- Let me start with the positives first (positive reinforcement and all that!). The Left has been decimated. As that astute sage Rajaji said long back, the communists are the number 1 enemy. Growing up in Calcutta in the 1970s and 1980s, I remember how the left used to rail against dynastic politics. Back then the Congress was the enemy number 1 for the left. It is amazing how the Left was willing to support the same dynastic Congress to tackle the current perceived enemy number 1--the BJP. The frog made a deal with the snake. Well now, the snake is reaching out to your own family member. The Left got a shellacking in its impregnable Bengal bastion. Actually the Bengal results point to a broader pattern (more on that later). The left lost all the border states except Cooch Behar. Now, those are incidentally the states that have the highest Muslim presence. Essentially, the Left has been left holding the Bengali Hindu votes. Nandigram was ostensibly the trigger behind the Muslim desertion of the Left. But somehow I doubt that. Those votes are not coming back. There is a lesson in this for the Bengali Hindu bhadralok as well.
- The BJP did NOT lose because of Varun or Modi. On Modi, the last time I checked , the BJP won 15 seats out of 26, more than it did in 2004. BTW, Gujarat has been heavily hit by the global recession--diamond cutting in Surat, textile exports. So, some loss was expected. But Modi held ground. In fact, the BJP did well in all its bastions where there was no infighting. If people are put off by polarization, then BJP should have lost in Karnataka. BJP's loss in Rajasthan reflects infighting as well its Achilles heel--the problem of caste. The Gujjar reservation fiasco is still fresh. In UP, the BJP has no leader worth his salt. MM Joshi, Rajnath Singh are all washed up old geezers. Actually Varun's success amid this ruin, points to the potential for Hindu consolidation.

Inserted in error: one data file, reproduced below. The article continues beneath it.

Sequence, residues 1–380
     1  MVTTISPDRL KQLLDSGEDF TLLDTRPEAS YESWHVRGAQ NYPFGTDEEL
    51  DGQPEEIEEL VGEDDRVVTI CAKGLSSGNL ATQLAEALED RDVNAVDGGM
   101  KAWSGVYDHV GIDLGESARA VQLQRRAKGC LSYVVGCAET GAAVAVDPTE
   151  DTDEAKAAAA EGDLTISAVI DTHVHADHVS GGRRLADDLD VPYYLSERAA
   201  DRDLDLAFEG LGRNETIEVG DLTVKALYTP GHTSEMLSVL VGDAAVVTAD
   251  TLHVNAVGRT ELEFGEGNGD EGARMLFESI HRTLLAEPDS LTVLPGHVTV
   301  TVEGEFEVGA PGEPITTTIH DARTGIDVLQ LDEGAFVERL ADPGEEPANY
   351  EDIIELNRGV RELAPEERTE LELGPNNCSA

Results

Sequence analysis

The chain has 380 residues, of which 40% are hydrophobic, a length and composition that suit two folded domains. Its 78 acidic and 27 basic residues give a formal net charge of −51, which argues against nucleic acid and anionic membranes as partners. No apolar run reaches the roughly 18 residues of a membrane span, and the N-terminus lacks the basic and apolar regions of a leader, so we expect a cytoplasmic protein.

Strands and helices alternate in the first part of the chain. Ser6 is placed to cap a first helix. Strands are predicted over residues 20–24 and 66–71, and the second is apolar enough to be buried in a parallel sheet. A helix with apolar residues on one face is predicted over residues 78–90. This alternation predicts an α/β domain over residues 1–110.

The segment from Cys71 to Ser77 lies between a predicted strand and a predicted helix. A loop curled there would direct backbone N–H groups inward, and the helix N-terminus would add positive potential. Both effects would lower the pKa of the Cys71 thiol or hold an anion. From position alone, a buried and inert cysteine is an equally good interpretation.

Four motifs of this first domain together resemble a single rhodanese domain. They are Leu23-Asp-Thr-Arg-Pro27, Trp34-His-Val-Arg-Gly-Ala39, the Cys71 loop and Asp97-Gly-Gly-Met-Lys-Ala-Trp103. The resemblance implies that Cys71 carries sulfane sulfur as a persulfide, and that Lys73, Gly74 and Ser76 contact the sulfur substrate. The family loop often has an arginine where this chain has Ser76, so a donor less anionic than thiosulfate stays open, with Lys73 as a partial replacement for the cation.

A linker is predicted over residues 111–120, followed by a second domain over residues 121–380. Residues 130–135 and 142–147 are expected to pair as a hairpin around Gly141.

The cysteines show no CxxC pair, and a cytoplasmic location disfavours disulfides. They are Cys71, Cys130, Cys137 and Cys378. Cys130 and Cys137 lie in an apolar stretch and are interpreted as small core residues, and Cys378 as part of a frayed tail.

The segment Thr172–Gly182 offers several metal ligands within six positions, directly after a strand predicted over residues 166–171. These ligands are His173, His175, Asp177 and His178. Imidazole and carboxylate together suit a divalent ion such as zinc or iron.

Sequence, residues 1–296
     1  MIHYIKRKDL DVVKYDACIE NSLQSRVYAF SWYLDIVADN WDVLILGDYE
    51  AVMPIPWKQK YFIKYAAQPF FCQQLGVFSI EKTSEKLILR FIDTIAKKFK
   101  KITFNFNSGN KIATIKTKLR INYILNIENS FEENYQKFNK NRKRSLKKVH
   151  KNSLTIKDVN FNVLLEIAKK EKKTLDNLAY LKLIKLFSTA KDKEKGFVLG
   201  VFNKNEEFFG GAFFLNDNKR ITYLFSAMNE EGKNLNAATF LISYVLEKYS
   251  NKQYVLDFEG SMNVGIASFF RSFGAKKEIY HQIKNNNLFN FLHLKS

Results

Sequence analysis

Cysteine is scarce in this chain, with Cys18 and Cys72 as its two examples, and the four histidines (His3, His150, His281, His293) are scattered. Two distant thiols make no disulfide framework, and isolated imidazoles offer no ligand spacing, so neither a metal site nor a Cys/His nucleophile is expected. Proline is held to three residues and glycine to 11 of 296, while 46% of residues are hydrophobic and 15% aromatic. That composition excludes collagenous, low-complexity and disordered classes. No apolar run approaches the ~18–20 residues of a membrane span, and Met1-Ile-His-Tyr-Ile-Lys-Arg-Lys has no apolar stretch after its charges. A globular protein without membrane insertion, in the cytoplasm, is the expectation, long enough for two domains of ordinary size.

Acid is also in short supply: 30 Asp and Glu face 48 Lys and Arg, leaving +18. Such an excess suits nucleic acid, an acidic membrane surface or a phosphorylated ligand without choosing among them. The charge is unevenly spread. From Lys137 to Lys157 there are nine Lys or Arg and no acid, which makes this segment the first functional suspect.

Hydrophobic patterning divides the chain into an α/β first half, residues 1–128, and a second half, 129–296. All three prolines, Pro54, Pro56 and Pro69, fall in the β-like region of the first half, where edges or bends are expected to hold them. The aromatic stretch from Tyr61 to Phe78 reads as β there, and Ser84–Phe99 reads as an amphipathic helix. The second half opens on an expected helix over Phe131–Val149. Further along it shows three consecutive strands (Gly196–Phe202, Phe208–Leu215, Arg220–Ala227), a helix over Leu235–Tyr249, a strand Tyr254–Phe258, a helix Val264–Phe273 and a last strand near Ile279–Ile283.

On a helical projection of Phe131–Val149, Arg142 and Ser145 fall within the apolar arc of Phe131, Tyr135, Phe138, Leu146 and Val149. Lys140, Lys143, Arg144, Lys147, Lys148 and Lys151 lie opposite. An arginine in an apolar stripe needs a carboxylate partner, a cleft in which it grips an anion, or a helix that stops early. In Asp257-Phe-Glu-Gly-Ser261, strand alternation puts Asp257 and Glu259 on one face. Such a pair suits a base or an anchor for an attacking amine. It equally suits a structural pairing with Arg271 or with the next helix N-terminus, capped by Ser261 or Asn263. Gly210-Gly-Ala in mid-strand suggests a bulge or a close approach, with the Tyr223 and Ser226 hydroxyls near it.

- Mayawati and Mulayam did not exactly get wiped out. But like the Left in Bengal they lost the Muslim vote. Muslims recognize that Congress is now their best bulwark. From mayawati's statement it appears that she is still trying woo Muslims back. it may work at the state level. However, it will not work at the national level. The OBC-muslim alliance is not workable going forward. OBCs have been the rising force. They are an upwardly mobile group, seeking to assert their place in the sun. Muslims essentially act out of a defensive mindset (in some ways like the Left). With the Brahmin-Bania no longer in power, the OBCs in the North have nothing against Hindutva per se. In fact, most of the ascendant BJP leaders in the North are from OBC background (Swapan Dasgupta has made the point that BJP is now an OBC party). In that sense, the recent elections were a setback to the rising OBC aspirations. Narendra Modi is an OBC. Kalyan Singh is an OBC. BJPs future lies with the OBC.